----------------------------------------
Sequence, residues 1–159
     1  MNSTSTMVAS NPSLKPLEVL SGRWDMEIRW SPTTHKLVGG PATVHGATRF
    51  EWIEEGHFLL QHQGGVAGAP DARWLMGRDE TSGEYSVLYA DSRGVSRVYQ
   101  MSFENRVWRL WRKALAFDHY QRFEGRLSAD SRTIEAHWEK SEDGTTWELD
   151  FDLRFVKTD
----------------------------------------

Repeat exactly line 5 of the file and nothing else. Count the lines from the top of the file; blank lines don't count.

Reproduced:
   151  FDLRFVKTD